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robspace54
post Feb 25 2008, 09:42 PM
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Thermal Constraints of the Reaction Control Subsystem

From: http://ulysses-ops.jpl.esa.int/ulsfct//spa...ft/scframe.html

Fuel-bearing components are specified to be kept above 5C. This is to prevent the fuel, hydrazine, from freezing, which would cause two problems. Firstly, the fuel would not flow to the thrusters and no manoeuvres would be possible. Secondly, if the fuel were to subsequently thaw, pockets of expanding liquid could form possibly rupturing RCS sections.

During the prime mission (1990-1995), meeting this requirement was not difficult, but with RTG power levels becoming so low it is no longer possible to keep remote RCS components above (5+margin)C, particularly when the margins have been made particularly generous. In order to keep as much of the payload operating as safely possible, it is necessary to trim thermal margins to the lowest level. This in turn necessitates careful calibration of the spacecraft Thermal Model against in-flight temperature data.

The Reaction Control Subsystem (RCS) has several thermistors that measure component temperatures directly, shown on the right. There are also thermistors elsewhere on the spacecraft that can be used to infer RCS component temperatures.

Early in the mission, the available telemetry and generous thermal margins were sufficient to ensure compliance, however with steadily decreasing power availability, greater scrutiny of margins and more insight on the thermal behavior of all RCS components was necessary.

- - -

Sounds as if since 1995 things have been dicey when themal heating was low... Hydrazine freezes at 34 F (4 C) so holding temps above 5 C is a minimum requirement.

Rob


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tedstryk
post Feb 26 2008, 05:35 AM
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I know that during the Jupiter Distant Encounter in February of 2004, Ulysses had to turn its tape recorder off to run all of its instruments at once. However, during the ~40 days around the encounter, it had round-the-clock DSN coverage, so it had little effect. Once Ulysses began approaching the sun again, it was able to turn its heaters off, freeing up power.


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ugordan
post Feb 26 2008, 09:40 AM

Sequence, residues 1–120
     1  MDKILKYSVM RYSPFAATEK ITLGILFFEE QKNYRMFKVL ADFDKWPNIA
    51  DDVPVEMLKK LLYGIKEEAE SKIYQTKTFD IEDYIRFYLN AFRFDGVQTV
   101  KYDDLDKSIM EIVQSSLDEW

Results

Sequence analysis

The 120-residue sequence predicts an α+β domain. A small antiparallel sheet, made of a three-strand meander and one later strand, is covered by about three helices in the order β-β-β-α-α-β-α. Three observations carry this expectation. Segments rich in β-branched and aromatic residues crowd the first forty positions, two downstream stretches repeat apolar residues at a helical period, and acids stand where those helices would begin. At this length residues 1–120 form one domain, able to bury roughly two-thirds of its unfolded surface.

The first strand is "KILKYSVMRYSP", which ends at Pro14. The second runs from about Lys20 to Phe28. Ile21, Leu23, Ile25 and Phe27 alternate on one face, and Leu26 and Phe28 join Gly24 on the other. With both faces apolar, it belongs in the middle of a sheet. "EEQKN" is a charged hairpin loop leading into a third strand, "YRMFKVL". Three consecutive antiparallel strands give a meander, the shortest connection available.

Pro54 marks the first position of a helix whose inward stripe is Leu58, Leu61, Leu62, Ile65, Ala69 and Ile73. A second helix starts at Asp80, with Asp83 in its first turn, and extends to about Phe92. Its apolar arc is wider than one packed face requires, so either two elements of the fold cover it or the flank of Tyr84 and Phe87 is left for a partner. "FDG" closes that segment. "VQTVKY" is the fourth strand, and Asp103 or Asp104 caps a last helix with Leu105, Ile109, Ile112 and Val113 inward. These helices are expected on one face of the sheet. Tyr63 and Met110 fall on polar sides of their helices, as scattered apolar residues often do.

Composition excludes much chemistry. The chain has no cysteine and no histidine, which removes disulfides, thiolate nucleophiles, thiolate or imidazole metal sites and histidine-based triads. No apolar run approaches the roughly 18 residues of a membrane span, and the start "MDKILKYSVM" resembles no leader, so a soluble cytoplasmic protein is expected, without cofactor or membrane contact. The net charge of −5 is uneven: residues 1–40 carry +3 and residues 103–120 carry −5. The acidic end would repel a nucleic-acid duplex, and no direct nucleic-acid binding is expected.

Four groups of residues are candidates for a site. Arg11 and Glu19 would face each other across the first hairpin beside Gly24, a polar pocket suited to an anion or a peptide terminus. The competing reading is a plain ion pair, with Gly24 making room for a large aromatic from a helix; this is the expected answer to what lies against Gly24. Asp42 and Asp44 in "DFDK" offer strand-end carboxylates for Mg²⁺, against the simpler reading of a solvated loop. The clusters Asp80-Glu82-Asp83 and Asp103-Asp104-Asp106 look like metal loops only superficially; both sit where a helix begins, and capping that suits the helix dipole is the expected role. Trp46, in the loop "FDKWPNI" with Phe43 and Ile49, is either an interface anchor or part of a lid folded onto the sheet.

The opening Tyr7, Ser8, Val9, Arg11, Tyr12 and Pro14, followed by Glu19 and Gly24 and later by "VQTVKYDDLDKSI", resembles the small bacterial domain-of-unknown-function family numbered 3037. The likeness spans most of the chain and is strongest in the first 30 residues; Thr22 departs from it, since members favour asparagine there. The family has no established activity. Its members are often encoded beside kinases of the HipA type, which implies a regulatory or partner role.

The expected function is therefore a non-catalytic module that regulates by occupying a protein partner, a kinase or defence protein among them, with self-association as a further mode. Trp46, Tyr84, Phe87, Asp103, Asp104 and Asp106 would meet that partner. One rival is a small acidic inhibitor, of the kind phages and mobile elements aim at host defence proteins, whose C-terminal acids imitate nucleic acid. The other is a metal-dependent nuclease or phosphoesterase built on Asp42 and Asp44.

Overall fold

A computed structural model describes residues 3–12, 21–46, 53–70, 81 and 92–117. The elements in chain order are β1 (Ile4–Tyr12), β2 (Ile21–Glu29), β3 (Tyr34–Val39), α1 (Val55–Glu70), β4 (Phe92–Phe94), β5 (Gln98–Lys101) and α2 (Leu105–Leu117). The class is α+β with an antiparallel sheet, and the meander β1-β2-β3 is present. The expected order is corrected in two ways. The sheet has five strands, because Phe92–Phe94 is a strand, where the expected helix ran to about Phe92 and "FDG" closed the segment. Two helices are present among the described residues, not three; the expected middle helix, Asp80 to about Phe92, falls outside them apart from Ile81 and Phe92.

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QUOTE (IM4 @ Feb 23 2008, 02:23 PM) *
November 7, 2098 Ulysses will be kicked out of the Solar system by Jupiter's gravity. Spacecraft's final trajectory will be highly hyperbolic (eccentricity~1.42), so it will be travelling very fast and one day, thousands years from now, Ulysses will reach some star.

I'm wondering how accurate HORIZONS data can possibly be for such distant dates. There has to be a number of unmodelled factors affecting orbital evolution of the spacecraft that the system doesn't take into account such as solar radiation pressure, slow outgassing from the spacecraft, etc. These will, given enough time, measurably perturb the orbit and I'm wondering what the real flyby distance and slingshot effect will be in 2098. Even tiny perturbations now can lead to large deviations in the future predicted passes.

I wouldn't put my hand into the fire and say Ulysses is heading out of the solar system, let alone heading out on a highly hyperbolic trajectory. Move the closest approach point to Jupiter by a million km in one direction and it could end up being decelerated by Jupiter instead.

EDIT: To give a sense of what I'm talking about, consider Jupiter's orbital velocity is 13 km/s and so it needs some 21 hours to cross a million kilometers. If Ulysses is early in its orbit by a mere 20 hours at the time of the 2098 flyby, the outcome could be radically different. A 20 hour cumulative in 90 years is really not much, especially since weak forces like light pressure tend to not change orbits much, but change their circumference a bit, which then brings timing differences that accumulate over time.


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tedstryk
post Feb 26 2008, 03:46 PM
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For most of that time it should be away from major influences. However, when I run the numbers, I am seeing a Jupiter flyby in 2092 that is fairly close and would extend the orbit too far out to be thrown out of the solar system in 2098. In fact, at least on the "kiloyear" level, the orbit looks stable.


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IM4
post Feb 26 2008, 04:26 PM
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Yep, I made a stupid mistake. Or even two.
As for the solar light pressure, that's significant pertubator indeed. When I entered actual Ulysses area-to-mass ratio and size into the HORIZONS, results were changed dramatically. For example, Jupiter-2098 encounter:
CODE
          Date (CT)        Body   CA Dist   Vrel
  ----------------------  -----  --------  ------
albedo=0 :
  A.D. 2098 Nov 08.19535  Juptr  0.009333  19.193

albedo=1 :
  A.D. 2098 Nov 08.71105  Juptr  0.014856  17.347

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robspace54
post Feb 27 2008, 06:48 PM
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This paper from 2004 tells us that the "freezing" of Ulysses was understood long ago.

It explains various techniques during the extended mission, including shutting off the X-band transmitter, to save power to keep going UNTIL MARCH 2008.

www.vega-group.com/assets/documents/10000207ExtendingtheUlyssesMissionto2008.PDF

Here is a tiny url!

http://tinyurl.com/26kaan

So Ulysses has reached the end of her odyssey, as planned long ago.

Rob
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mcaplinger
post Mar 15 2008, 02:05 AM
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From Emily's blog on planetary.org about Ulysses: "In preparation for the mission's end I started rereading the Odyssey to look for a good epitaph. I haven't come across anything yet..."

Surely Teiresias' speech in Book 11 about how Odysseus will die: "It shall come to you out of the sea, death in his gentlest guise."